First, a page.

= = = =

H ∧ P+ , H ∧ P + − H ∧ P − + D+ ∧ D− , H ∧ P+ − 12 D+ ∧ D+ , H ∧ P+ − 12 D+ ∧ D+ − H ∧ P− − 21 D− ∧ D− ,

(37)

Only r(ii) and r(v) satisfy CYBE.

5

Poisson-Lie brackets

Lie super-bialgebras are in 1 : 1 correspondence with Poisson-Lie structures on supergroups [26]. Poisson-Lie brackets satisfy the following properties: {f, g} = −z(f, g){g, f } , {f, gh} = {f, g}h + z(f, g)g{f, h} , 0 = z(f, h){f, {g, h}} + z(g, f ){g, {h, f }} +z(h, g){h, {f, g}} , △{f, g} = {△f, △g} .

(38) (39) (40) (41)

Poisson-Lie brackets are most easily introduced by means of left- and right-invariant vector ﬁelds on a supergroup. In the super case one should distinguish left- and right-hand side derivatives of superfunctions. In coboundary case with a classical r-matrix rkl Poisson-Lie brackets are given by [25]

(r)

(l)

(r)

(l)

{φ, ψ} = Yk φ rkj Yj ψ − Xk φ rkj Xj ψ (r,l)

(42) (r,l)

where Yk denotes left-invariant right (r) or left (l) derivatives and Xk right-invariant right (r) or left (l) derivatives. Yk and Xk can be derived from the coproducts. We present below how they act on generators of both supergroups.

9

a) super-E(2)

0 a η/2 b (r) Y D− s = 0 , 0 ξ 1 η

a 0 b −η/2 (l) s = 0 , Y D− ξ 0 η 1

ξ/2 a 0 b (r) Y D+ s = 0 , 1 ξ 0 η

−ξ/2 a 0 b (l) Y D+ s = 0 , 1 ξ 0 η

(43)

exp(−s) a b 0 (r,l) , 0 XP + s = ξ 0 0 η

(44)

0 a exp (s) b (r,l) XP − s = 0 , ξ 0 0 η

(45)

0 a 1 b (r,l) Y P− s = 0 , 0 ξ 0 η

1 a 0 b (r,l) s = 0, Y P+ 0 ξ 0 η

0 a 0 b (r,l) s = 1, XH 0 ξ 0 η

−a a b b (r,l) s = 1 , YH −ξ/2 ξ η/2 η

0 a −η exp( s )/2 b 2 (r) XD − s = , 0 ξ 0 s η exp( 2 )

a 0 b η exp( s )/2 2 (l) s = 0 XD − , ξ 0 s η exp( 2 )

−ξ exp(− 2s )/2 a b 0 (r) XD + s = 0 , s ξ exp(− 2 ) η 0

ξ exp(− 2s )/2 a b 0 (l) XD + s = 0 . exp(− s ) ξ 2 η 0 10

(46)

(47)

(48)

(49)

b) OSp(1|2)

a/2 a α/2 α b/2 b (r,l) , XH = −c/2 c −δ/2 δ −d/2 d

(50)

0 a 0 α b (r,l) a, = Y X+ 0 c 0 δ c d

c a δ α b (r,l) d, = X X+ 0 c 0 δ 0 d

(51)

b a 0 α 0 b (r,l) Y X− = d, c 0 δ 0 d

0 a 0 α 0 b (r,l) X X− = a , c α δ b d

(52)

a/2 a α 0 −b/2 b (r,l) , YH = c/2 c 0 δ −d/2 d

0 a a/2 α α/2 b (r) , YV+ = 0 c c/2 δ δ/2 d

0 a a/2 α −α/2 b (l) , YV+ = 0 c c/2 δ −δ/2 d

−α/2 a b/2 α 0 b (r) , YV− = −δ/2 c d/2 δ 0 d

11

−γ/2 a e/2 α −β/2 b (r) , XV+ = 0 c 0 δ 0 d

(53)

γ/2 a e/2 α β/2 b (l) , XV+ = 0 c 0 δ 0 d

(54)

0 a 0 α 0 b (r) , XV− = −γ/2 c e/2 δ −β/2 d

(55)

0 a 0 α 0 b (l) . XV− = γ/2 c e/2 δ β/2 d

α/2 a b/2 α 0 b (l) , YV− = δ/2 c d/2 δ 0 d

(56)

In non-coboundary cases Poisson brackets can be calculated by applying supersymmetric version of the method described in [20]. It is necessary to solve the cocycle equation for an element Φ : G → G ∧ G Φ(g1 g2 ) = Φ(g1 ) + g1 Φ(g2 )g1−1

(57)

satisfying ”initial conditions” determined by the Lie super-bialgebra structure in consideration. The whole procedure has to be followed in every detail only in the case of Lie super-bialgebra structures (i) and (iv) from the list presented in Chapter 3. One ﬁnds Φ(i) (g) = csP+ ∧ P−

(58)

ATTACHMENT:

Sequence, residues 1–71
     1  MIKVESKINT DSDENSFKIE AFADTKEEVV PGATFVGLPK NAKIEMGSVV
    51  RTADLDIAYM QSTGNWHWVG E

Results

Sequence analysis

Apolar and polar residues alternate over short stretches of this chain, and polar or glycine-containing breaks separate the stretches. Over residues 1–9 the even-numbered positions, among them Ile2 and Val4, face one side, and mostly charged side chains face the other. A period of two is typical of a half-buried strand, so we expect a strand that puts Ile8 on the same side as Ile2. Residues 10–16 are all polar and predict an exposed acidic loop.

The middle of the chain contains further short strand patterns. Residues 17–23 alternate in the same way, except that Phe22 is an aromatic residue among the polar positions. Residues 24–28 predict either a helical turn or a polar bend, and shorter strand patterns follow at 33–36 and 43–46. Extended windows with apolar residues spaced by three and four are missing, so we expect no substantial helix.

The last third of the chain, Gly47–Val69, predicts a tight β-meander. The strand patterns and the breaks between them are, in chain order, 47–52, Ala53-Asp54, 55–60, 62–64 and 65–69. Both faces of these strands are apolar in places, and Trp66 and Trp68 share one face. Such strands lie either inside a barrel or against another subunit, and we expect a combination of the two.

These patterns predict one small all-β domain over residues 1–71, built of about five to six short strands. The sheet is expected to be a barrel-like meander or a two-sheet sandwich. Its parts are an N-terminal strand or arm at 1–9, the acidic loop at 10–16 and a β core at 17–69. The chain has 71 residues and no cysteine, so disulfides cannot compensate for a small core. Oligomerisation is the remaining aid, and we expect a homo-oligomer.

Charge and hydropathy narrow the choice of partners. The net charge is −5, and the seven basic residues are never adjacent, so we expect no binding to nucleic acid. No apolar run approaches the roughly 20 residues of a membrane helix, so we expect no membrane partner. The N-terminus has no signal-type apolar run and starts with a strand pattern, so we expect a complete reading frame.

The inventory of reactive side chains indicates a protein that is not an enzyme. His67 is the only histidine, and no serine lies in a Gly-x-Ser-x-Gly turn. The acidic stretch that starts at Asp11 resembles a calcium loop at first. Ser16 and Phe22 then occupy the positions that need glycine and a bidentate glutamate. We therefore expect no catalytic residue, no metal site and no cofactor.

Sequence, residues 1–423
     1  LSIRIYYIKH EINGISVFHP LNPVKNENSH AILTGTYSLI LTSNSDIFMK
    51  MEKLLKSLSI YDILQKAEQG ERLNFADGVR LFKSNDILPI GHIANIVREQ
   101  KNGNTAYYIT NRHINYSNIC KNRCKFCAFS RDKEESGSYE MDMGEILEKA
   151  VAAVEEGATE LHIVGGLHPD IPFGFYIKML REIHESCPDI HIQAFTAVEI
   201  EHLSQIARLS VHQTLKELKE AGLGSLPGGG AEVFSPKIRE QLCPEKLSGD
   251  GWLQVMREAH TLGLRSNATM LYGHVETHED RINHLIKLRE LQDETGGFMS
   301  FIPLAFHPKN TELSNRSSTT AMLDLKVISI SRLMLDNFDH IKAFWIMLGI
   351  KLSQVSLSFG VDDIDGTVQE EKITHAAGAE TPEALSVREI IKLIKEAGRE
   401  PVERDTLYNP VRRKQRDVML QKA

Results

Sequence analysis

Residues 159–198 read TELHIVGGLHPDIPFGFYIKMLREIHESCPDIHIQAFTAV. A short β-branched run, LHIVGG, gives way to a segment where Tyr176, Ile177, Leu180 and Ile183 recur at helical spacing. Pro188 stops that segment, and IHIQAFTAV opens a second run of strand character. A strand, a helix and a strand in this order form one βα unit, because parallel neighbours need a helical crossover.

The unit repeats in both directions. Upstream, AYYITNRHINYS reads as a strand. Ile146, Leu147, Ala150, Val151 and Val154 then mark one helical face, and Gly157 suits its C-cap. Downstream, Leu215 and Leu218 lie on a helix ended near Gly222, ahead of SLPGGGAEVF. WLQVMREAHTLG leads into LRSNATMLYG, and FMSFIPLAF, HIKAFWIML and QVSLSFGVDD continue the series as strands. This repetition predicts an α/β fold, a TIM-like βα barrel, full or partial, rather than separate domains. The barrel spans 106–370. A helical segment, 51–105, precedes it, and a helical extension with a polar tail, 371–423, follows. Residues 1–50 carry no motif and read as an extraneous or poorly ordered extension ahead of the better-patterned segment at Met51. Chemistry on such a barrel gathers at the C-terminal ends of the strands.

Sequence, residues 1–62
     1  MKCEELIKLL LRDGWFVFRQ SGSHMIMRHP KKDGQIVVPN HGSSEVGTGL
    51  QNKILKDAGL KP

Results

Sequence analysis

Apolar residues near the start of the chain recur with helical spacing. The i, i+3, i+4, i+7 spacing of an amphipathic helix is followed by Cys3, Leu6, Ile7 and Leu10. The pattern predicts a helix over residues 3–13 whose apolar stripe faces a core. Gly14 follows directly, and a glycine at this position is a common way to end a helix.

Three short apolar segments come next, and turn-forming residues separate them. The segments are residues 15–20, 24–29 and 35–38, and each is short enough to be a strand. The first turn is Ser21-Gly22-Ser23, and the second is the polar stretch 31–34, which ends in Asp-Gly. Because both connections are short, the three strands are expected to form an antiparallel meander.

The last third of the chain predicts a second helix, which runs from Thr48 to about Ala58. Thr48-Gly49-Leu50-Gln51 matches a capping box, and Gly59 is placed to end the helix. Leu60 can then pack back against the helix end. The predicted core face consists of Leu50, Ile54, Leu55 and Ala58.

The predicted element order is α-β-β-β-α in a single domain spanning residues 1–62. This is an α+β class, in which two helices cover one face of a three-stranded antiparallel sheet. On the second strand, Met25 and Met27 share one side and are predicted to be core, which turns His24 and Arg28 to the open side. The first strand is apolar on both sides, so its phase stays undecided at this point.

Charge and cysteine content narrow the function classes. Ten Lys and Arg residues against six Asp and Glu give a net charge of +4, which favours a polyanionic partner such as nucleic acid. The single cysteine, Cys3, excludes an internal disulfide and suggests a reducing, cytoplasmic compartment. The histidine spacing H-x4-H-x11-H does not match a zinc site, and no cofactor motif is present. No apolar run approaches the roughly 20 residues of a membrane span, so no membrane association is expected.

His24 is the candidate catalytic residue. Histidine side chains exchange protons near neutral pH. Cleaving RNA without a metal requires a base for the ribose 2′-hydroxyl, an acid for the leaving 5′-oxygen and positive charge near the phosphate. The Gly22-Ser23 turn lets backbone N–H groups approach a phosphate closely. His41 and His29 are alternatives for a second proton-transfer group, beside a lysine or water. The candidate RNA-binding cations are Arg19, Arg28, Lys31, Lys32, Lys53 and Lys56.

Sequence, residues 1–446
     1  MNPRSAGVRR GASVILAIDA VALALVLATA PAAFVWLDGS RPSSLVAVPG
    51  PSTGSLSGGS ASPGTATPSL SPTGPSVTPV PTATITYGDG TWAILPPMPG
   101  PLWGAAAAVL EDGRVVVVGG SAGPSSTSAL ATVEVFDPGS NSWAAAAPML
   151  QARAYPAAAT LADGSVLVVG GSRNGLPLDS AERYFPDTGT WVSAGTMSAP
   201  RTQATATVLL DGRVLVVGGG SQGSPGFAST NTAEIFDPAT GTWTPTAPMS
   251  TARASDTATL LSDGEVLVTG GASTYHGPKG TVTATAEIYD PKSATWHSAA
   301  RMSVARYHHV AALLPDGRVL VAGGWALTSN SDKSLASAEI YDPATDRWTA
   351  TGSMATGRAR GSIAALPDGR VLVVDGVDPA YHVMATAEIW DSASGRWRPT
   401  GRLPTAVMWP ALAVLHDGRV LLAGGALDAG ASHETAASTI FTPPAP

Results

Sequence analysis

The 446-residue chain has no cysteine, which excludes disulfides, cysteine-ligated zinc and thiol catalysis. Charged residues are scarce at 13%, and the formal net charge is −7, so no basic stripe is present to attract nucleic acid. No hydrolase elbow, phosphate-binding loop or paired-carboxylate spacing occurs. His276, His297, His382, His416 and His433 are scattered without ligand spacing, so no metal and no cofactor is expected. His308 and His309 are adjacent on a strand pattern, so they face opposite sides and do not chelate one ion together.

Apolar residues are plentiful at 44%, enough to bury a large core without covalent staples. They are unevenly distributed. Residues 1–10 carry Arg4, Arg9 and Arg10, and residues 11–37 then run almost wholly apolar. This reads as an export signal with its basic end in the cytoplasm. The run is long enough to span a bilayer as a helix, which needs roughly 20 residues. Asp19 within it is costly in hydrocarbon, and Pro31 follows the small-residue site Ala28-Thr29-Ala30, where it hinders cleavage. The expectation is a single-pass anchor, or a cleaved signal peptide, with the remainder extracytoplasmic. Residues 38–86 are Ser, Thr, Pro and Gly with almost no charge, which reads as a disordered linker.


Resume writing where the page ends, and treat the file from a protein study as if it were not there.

Φ(iv) (g) = −2aes P+ ∧ H − aes D+ ∧ D+ − 2be−s P− ∧ H s +2abP− ∧ P+ + be−s D− ∧ D− + ξe 2 H ∧ D+ 3s s s −aξe 2 P+ ∧ D+ + ξbe− 2 P− ∧ D+ + ηe− 2 H ∧ D− 3s s −aηe 2 P+ ∧ D− + ηbe− 2 P− ∧ D− − 21 ξηD+ ∧ D− . For Φ(g) = Φjk (g)gj ∧ gk Poisson-Lie brackets are

(r)

(l)

{φ, ψ} = Xj φ Φjk Xk ψ .

(59)

(60)

In all the remaining cases one can use a fact that for the special value of parameter c: c = 0 they become coboundaries. The parameter c is present only in δ(H) as cP+ ∧P− . It is clear that it will appear in Φ as csP+ ∧P− . It is thus possible to calculate Poisson-Lie brackets using classical r-matrices given in (37) and to add at the very end of computations the extra term in {a, b}. The complete set of relations making OSp(1, 2) and super E(2) Poisson-Lie supergroups are given below in two tables. In the case of OSp(1, 2) in order to obtain shorter formulae all the Poisson brackets have been multiplied by the factor 2.

12

Table 1: Poisson Lie structures for the group OSp(1|2). {a, b} {a, c} {a, d} {b, c} {b, d} {c, d} {a, α} {b, α} {c, α} {d, α} {a, δ} {b, δ} {c, δ} {d, δ} {α, α} {α, δ} {δ, δ}

1 2 a + αδ − 1 a2 − 1 −c2 −c2 c(a − d) c(a − d) −c(a + d) −c(a + d) 1 − d2 − αδ 1 − d2 2 c c2 cα − aδ dα − bδ −aα cδ cδ dδ (d − a)δ −cδ −cδ −dδ −dδ − cα 2

2δα

−cδ 1 − a2 −ac −c2

3 a2 + b2 − 1 1 − c2 − a2 (c − b)(a − d) −(b + c)(a + d) 1 − b2 − d2 ) c2 + d 2 − 1 bα −aα cδ + aα + bδ dδ + bα − aδ −cδ − aα + dα −(dδ + bα + cα) dδ −cδ 2 1 − a − b2 −ac − bd 1 − c2 − d 2

Table 2: Poisson Lie structures for the group super-E(2). {a, b} {a, es } {b, es } {a, ξ} {a, η} {b, ξ} {b, η} {es , ξ} {es , η} {ξ, ξ} {ξ, η} {η, η}

6

(i) (ii) (iii) (iv) (v) (vi) cs −b + cs a − b + cs −2ab −b − es a − b + cs 1 − es 1 − es −2aes 1 − es 1 − es s 2s s s e −e −2be e − e2s ξ/2 ξ/2 −ξe−s /2 −ξe−s /2 −η/2 ξ − (η/2) −aη −η/2 −η/2 η − (ξ/2) ξb −ξ/2 η/2 −ηes /2 s ξe ηes −2a e−s − 1 e−s − 1 −ξη/2 2b es − 1

Discussion and final remarks

In ﬁve cases of Poisson-Lie brackets on the super-E(2) group it is straightforward to obtain quantum group structures. In fact, RHS’s of Poisson brackets are rather simple and contain no products of functions which could lead to ordering ambiguities upon quantization. Deformation of super-E(2) introduced in [21] corresponds in our classiﬁcation to the structure (iv). By applying duality techniques in cases (i), (ii), (iii), (v) and (vi) it must be possible to 13

obtain quantum deformations of super e(2) algebra. In the case of OSp(1, 2) a quantization of the ﬁrst structure appeared very recently in [23]. The second structure is the standard one introduced in [18]. A quantum version of the third structure is missing.

Acknowledgment The authors would like to thank Prof. J. Lukierski for valuable discussions.